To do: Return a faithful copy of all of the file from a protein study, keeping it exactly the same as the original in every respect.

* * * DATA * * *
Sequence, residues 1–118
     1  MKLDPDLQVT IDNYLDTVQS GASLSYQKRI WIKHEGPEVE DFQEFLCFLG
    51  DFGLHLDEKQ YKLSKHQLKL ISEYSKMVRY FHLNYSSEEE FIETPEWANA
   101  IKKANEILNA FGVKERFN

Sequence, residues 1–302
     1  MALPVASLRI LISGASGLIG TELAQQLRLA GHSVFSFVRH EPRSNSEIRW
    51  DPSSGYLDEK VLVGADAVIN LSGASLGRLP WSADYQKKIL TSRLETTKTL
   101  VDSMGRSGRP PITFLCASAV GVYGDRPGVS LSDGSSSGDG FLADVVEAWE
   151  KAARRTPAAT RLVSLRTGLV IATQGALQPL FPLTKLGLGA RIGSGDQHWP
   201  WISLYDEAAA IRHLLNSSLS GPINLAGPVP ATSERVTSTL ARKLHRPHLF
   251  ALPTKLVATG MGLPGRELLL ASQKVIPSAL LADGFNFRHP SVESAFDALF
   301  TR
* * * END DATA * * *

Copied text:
Sequence, residues 1–118
     1  MKLDPDLQVT IDNYLDTVQS GASLSYQKRI WIKHEGPEVE DFQEFLCFLG
    51  DFGLHLDEKQ YKLSKHQLKL ISEYSKMVRY FHLNYSSEEE FIETPEWANA
   101  IKKANEILNA FGVKERFN

Sequence, residues 1–302
     1  MALPVASLRI LISGASGLIG TELAQQLRLA GHSVFSFVRH EPRSNSEIRW
    51  DPSSGYLDEK VLVGADAVIN LSGASLGRLP WSADYQKKIL TSRLETTKTL
   101  VDSMGRSGRP PITFLCASAV GVYGDRPGVS LSDGSSSGDG FLADVVEAWE
   151  KAARRTPAAT RLVSLRTGLV IATQGALQPL FPLTKLGLGA RIGSGDQHWP
   201  WISLYDEAAA IRHLLNSSLS GPINLAGPVP ATSERVTSTL ARKLHRPHLF
   251  ALPTKLVATG MGLPGRELLL ASQKVIPSAL LADGFNFRHP SVESAFDALF
   301  TR